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#43 OFFLINE   Marsden11

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Posted 02 July 2006 - 03:18 AM

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Marsden, how did you partition that drive for the spare volume when you installed x64 Vista B2?
Posted ImageX64 Vista beta 2 is installed on E:\

Edited by Marsden11, 02 July 2006 - 03:20 AM.


#44 OFFLINE   Scot

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Posted 02 July 2006 - 09:30 AM

Marsden,No, I'm asking a question ... not calling you out.What I want to know is, what 64-bit partitioning utility did you use? Or did you partition with 32-bit software before you installed the operating systems? I'm looking for a dynamic, non-destructive 64-bit partitioning utility, trying to get recommendations on them. Most of the bigger products in that space (like PartitionMagic) don't support 64-bit. Even the enterprise-oriented products don't. And the 64-bit Feb. CTP of Vista's installation routine also would not repartition. I haven't tried it with Beta 2 yet, so I guess it's possible that Microsoft added that in the 64-bit installation routine. But if not, what did you use?-- Scot
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#45 OFFLINE   Marsden11

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Posted 02 July 2006 - 02:28 PM

No 3rd party tools were used.I used the built-in partitioning tools in XP x64 during the first install of XP x64. When I loaded Vista B2 x64 I just choose the smaller of the two partitions on the drive. When Vista loads it renames the E:\ drive C:\ and the C:\ drive D:\... From that point on it uses the Vista boot loader.I did use a 3rd party tool to edit the Vista boot loader. Renamed the orginal Windows to Legacy XP x64 and the default Windows for Vista to Vista x64.

#46 OFFLINE   jetblast

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Posted 02 July 2006 - 09:45 PM

I've been reading this thread and find it quite interesting.  Here are my two cents:I don't think that using a USB key to lockdown an OS is a going to be well received by the public.  Users today are far more mainstream than back in the day when copy protection meant feeding a floppy disk into a drive.  People have a hard enough time remembering passwords and such.  No hub would be big enough if you had to plug in a USB encryption key for every program you wanted to run if the software community decided en masse to go that route.Secondly, I'm not too worried about the hardware requirements for Vista.  The first machine I loaded Beta 2 on was a Celeron 1.7 Ghz with 512 RAM with 64 MB shared video.  I didn't notice much of a performance hit over XP Pro.  Carry on while I return to lurk mode.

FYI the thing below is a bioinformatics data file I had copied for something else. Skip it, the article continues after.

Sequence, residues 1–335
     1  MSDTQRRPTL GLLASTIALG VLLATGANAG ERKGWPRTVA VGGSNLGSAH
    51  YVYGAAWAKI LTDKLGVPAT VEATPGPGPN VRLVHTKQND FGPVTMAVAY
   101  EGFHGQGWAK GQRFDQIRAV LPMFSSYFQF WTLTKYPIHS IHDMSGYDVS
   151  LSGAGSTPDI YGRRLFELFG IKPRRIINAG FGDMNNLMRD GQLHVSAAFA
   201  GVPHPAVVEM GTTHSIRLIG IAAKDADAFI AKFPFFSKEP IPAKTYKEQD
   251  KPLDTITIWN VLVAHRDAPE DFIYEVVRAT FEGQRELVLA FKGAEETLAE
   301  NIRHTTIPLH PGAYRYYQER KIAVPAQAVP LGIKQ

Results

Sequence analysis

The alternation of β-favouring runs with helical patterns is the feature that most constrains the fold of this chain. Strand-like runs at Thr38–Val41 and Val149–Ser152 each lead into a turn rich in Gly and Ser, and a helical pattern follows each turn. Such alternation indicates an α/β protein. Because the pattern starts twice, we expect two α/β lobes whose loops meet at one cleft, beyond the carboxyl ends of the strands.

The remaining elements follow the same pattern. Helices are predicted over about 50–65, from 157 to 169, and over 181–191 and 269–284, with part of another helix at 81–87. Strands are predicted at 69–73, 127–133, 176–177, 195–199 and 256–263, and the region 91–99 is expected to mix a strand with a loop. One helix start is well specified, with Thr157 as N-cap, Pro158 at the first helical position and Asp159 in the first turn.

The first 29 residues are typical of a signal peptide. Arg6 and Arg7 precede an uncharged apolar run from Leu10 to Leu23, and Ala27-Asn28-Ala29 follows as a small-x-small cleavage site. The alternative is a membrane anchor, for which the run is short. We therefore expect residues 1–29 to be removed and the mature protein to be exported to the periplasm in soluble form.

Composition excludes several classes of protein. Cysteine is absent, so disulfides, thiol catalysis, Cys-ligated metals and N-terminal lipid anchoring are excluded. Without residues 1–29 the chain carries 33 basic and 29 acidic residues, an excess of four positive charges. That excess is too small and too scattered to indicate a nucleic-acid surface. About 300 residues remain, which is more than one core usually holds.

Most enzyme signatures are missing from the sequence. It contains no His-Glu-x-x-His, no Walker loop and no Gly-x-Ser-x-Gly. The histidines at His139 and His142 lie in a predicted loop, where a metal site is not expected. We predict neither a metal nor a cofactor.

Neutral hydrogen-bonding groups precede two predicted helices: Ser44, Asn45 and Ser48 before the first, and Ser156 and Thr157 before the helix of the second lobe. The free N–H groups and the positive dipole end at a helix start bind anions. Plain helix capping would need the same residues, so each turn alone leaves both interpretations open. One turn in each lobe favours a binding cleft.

#47 OFFLINE   Scot

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Posted 04 July 2006 - 11:24 AM

View Postjetblast, on Jul 2 2006, 09:45 PM, said:

Secondly, I'm not too worried about the hardware requirements for Vista.  The first machine I loaded Beta 2 on was a Celeron 1.7 Ghz with 512 RAM with 64 MB shared video.  I didn't notice much of a performance hit over XP Pro.
jetblast, the point is that you almost certainly didn't get the uplevel Aero interface on the machine you describe. And there's a range of features and visual user-experience aspects (like transparency, blurring, and reflections) that you didn't get as a result, including "Live Thumbnails," "Flip," and "Flip 3D." While I vastly prefer Aero, I think many power users probably wouldn't be concerned by the loss of these things. But there is one significant reliability loss: You're more likely to see video-driver-based Blue Screens of Death with Vista Basic than you are with Vista Aero.In fact, since Beta 1, I've installed all major pre-releases and some minor ones on about half a dozen machines, and I haven't had a single BSoD (no crashes, in fact) on any of those machines -- except the ones that weren't able to run Aero. This is one of the surprising things about Vista, actually. It's a lot more stable than XP, even in Beta. And XP is pretty stable, in my experience. I do agree that your CPU and RAM are fine for testing Vista. I recommend at least 1GB of RAM, though, for production Vista installations. The CPU is really the least important thing; it's the graphics level that I believe a year from now people will be frustrated about. Even now, a couple of months after Microsoft has specified Vista's hardware requirements, many new notebooks and desktops are not being fully equipped in the video dept. to take full advantage of Vista Aero.